Welcome to the medical-industrial complex, which will make the military-industrial complex look like small potatoes.

    But putting any of the blame on the consumers is pure nonsense. The reason humans have been so successful is because of cooperation. Even thousands of years ago technology was too complex for any one person to understand it all. We have been successful because of trust in the other person. If the doctor (mechanic, plumber…) tells us we need something it is very difficult to disagree. So the system to ripe for dishonest types who do not care about others to take advantage. Which is pretty much what is happening in our society nowadays.

    Link to this
  4. 4. hb 1:16 am 02/14/2014

    Every dollar spent on ‘healthcare’ is a buck made by the people and companies providing those services, whether those services are useful or not. Any group that stands to lose financially from reforming the system will fight tooth and nail to preserve the status quo.

    John Horgan’s suggestions for curbing the testing epidemic would likely run into the same problem. Physicians paid a flat salary, even with a success bonus, will oppose that change because they would lose money. Malpractice law reform will be opposed by the lawyers, because lawsuits are their meal tickets.

    Since so many groups have a vested interest in perpetuating the current scam, the self-interest of the public would seem the best hope for reform. The problem there, of course, is that most people don’t have the expert knowledge to make their own medical decisions. And the medical/pharmaceutical industrial complex does their darnest to confuse and manipulate the public, to try to keep people in the dark.

    That would leave it up to the government to ‘do something’. Of course, that idea doesn’t go over well with Americans these days. Unfortunately, people seem to have forgotten that a properly functioning government requires an informed and engaged citizenry. A public that doesn’t participate in the political process isn’t likely to stand up to powerful special interest groups like the ‘healthcare’ industry either.

    Link to this
  5. 5. Claudelle 6:09 pm 02/14/2014

    Apart from this new study, there is a substantial body of good evidence against the general use of mammography (described in “The Mammogram Myth” by Rolf Hefti).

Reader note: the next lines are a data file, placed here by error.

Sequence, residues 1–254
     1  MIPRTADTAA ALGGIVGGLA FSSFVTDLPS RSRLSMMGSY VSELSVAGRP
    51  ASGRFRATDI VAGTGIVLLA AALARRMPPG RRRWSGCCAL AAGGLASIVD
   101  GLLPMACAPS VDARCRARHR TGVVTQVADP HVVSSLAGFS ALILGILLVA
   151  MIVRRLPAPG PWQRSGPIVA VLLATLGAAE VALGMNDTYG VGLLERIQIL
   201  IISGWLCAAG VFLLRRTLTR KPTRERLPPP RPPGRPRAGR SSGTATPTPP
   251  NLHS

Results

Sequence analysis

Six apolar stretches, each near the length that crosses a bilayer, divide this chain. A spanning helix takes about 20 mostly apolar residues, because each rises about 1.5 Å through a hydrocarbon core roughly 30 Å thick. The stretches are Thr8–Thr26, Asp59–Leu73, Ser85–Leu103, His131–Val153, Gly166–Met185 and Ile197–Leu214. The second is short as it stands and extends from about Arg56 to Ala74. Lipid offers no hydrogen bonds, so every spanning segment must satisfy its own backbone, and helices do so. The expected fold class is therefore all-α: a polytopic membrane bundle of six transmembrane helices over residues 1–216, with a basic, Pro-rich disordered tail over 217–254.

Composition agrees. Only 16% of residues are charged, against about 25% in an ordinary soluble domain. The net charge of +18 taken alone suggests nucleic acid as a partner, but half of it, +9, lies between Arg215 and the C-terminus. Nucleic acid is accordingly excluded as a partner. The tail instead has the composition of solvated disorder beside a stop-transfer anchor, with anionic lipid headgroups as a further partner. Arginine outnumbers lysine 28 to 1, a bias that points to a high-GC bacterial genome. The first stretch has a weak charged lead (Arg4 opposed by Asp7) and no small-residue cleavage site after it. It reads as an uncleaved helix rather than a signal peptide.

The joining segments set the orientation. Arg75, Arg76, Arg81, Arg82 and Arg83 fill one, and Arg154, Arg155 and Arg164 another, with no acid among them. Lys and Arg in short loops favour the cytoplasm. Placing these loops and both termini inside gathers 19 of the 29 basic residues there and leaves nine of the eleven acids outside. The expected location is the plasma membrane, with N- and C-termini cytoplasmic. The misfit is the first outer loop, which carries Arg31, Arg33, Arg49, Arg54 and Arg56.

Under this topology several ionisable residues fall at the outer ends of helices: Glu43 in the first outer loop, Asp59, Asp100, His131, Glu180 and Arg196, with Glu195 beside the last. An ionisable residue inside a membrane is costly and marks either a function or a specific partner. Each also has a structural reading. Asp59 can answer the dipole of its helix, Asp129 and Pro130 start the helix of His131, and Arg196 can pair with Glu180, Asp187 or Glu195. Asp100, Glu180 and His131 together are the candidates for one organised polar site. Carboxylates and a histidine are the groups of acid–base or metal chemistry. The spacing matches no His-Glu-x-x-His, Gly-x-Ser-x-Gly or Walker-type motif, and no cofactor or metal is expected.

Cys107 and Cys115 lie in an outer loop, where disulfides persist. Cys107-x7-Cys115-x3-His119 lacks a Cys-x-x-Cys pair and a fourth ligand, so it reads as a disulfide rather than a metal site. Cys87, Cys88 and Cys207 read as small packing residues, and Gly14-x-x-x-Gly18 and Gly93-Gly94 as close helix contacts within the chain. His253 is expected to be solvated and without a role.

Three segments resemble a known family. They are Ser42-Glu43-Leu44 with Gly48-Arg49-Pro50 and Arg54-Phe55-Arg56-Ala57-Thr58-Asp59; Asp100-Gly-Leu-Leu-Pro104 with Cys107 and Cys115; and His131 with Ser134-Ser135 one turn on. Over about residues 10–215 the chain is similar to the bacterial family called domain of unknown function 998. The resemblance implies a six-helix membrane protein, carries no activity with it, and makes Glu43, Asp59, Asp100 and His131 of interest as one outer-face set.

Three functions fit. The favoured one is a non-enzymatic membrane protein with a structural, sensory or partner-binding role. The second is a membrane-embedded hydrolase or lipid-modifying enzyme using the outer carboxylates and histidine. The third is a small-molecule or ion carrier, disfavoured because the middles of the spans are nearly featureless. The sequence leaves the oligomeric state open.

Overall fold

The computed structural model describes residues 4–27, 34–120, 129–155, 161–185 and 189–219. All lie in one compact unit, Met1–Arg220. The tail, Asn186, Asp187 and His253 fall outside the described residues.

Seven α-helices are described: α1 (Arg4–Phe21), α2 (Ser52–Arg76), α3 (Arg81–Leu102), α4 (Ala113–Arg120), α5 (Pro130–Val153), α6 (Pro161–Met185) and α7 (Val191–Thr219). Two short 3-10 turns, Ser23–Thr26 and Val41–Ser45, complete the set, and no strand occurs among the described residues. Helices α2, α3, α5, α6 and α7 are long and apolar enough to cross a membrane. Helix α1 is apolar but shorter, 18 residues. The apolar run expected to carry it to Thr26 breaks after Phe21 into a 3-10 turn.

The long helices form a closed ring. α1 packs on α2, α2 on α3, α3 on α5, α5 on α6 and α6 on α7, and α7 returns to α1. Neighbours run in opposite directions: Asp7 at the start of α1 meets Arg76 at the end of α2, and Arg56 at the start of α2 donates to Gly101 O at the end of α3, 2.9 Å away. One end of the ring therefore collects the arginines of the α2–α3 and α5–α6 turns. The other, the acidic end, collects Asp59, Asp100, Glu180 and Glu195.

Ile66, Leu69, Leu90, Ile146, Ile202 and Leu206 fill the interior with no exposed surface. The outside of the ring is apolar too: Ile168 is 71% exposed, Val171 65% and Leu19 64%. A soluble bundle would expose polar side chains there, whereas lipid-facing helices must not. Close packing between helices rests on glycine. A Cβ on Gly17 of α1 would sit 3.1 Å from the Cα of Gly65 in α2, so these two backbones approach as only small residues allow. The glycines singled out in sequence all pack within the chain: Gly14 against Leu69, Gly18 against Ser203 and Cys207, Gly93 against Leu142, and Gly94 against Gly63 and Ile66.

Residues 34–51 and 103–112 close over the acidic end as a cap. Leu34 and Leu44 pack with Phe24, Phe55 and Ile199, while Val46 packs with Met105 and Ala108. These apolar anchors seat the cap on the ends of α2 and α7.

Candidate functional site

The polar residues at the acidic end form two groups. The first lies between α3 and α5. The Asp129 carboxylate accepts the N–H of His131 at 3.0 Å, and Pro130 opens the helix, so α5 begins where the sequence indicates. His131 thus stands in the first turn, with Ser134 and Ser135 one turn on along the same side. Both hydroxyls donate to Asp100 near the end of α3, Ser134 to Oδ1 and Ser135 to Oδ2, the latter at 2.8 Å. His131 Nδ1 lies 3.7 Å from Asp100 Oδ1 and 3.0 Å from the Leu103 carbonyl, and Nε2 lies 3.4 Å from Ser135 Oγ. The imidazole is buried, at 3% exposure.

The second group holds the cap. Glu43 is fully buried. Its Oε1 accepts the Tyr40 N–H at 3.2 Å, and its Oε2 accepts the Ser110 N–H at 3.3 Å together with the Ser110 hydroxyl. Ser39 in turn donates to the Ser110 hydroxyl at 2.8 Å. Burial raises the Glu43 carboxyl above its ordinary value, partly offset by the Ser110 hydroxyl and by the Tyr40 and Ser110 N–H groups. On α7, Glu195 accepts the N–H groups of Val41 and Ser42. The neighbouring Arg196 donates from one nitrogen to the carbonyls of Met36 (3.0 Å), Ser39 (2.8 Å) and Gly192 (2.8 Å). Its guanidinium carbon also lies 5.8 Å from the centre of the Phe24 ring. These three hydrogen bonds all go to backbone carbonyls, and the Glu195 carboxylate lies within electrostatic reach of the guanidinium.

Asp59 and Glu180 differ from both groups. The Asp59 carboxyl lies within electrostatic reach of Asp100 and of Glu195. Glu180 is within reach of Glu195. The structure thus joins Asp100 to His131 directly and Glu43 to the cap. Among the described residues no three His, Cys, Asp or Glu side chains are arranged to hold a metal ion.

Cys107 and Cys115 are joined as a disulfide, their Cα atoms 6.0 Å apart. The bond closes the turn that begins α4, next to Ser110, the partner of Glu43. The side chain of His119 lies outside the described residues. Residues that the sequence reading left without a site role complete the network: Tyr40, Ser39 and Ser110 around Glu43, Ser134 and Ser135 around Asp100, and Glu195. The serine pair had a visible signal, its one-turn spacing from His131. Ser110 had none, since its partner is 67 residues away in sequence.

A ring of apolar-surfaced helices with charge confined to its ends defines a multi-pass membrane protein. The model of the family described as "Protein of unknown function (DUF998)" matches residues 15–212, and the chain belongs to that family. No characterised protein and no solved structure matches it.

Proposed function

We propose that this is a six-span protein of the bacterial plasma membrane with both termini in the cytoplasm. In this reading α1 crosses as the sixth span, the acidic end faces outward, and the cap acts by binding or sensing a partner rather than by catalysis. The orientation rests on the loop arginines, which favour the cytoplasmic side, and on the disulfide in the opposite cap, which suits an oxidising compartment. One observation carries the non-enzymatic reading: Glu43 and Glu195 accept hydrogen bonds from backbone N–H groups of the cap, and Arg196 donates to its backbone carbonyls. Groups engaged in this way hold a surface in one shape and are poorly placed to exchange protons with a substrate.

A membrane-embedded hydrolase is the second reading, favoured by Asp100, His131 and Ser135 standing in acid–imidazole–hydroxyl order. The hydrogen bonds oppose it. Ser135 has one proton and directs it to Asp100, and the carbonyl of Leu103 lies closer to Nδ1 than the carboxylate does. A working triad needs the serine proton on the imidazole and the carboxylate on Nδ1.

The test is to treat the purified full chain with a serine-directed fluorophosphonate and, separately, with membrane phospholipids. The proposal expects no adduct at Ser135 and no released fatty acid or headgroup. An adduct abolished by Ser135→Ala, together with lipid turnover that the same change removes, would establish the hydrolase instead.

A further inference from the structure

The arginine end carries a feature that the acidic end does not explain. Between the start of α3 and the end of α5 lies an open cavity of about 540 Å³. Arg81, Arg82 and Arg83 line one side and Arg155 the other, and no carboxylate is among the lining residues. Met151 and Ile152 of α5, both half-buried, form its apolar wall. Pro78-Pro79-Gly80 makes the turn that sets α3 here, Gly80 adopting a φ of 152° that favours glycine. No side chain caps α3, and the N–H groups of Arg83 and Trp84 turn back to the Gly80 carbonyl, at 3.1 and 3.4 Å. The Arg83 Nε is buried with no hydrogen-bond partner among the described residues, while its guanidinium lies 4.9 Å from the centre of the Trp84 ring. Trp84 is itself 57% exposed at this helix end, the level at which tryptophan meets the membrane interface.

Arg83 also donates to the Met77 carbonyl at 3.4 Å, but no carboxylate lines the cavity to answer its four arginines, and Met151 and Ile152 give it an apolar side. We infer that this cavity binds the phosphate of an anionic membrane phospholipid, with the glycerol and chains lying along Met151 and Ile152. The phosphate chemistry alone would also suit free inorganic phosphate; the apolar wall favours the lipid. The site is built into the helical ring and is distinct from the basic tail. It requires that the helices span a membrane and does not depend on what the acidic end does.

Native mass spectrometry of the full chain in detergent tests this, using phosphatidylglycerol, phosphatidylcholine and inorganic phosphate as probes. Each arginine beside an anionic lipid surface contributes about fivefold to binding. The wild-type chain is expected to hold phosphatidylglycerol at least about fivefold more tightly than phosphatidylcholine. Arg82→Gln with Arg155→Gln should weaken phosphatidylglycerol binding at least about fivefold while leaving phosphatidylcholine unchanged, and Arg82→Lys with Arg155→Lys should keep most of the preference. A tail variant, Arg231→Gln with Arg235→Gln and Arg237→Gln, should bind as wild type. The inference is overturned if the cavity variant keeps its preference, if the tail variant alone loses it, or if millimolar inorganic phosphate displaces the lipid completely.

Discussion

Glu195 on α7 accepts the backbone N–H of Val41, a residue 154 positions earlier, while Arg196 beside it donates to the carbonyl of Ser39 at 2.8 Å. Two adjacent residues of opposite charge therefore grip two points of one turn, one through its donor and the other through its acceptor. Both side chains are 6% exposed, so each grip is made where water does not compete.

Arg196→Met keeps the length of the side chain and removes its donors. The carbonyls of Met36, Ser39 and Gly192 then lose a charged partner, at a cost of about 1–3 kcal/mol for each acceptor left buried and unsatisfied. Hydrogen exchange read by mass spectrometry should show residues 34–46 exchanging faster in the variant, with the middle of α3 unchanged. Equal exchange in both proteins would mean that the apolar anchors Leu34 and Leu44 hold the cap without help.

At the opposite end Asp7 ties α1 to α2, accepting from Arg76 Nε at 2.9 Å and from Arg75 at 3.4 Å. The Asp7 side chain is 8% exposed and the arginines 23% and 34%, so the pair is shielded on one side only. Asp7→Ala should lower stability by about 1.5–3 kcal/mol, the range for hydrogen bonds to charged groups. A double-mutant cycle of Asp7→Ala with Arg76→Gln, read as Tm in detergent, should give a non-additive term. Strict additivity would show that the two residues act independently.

The main problem in corporate-dominated cultures is that big private interests influence the official evidence in favor of mammography and carefully present perspectives amenable to these huge corporate interests, such as the medical-mammogram industry.

    It’s what you don’t know you need to worry about, not what the mainstream orientation is.

    Link to this
  6. 6. StevedeBurque 9:02 am 02/17/2014

    One regrettable issue is the abstraction from the study of a population to the care of one individual. This is done by many methods, one of which is whether the insurance company “pays” or “does not pay” for a test.
    The most efficient model is the partnering of a trained physician with a familiar patient, individually committed to that individual’s care. Human thought is the most efficient medical test; it certainly is the cheapest, being something that is paid for previously by training, not on each utilization. And it is the one testing method that is universally spurned; it is not objective or profitable, so therefore, it is disparaged.
    Mammograms are best done on the patients wisely selected to benefit from them, not on those who can demand them the most aggressively in American Retail Medicine. Sadly, we are facing an explosion of costs, as we do not prefer the cheapest model.

    Link to this
  7. 7. EEBAust 8:32 pm 02/17/2014

    I agree with this article, but most women have little choice when it comes to screening. Many women have been brainwashed and misled into believing annual pap tests, pelvic and breast exams and mammograms every year of your life are essential, when the evidence says otherwise. There has never been any respect for informed consent in women’s cancer screening, we get little real information, most of it is biased in favour of screening. (we even get misinformation/lies)
    So many women are misled into screening, some are pressured and shockingly, many are coerced. The latter is still routine practice in the States and Canada and women are denied birth control, other meds or even all non-emergency medical care if they decline testing, you may even be sacked as a patient.
    So I don’t blame women for this mess.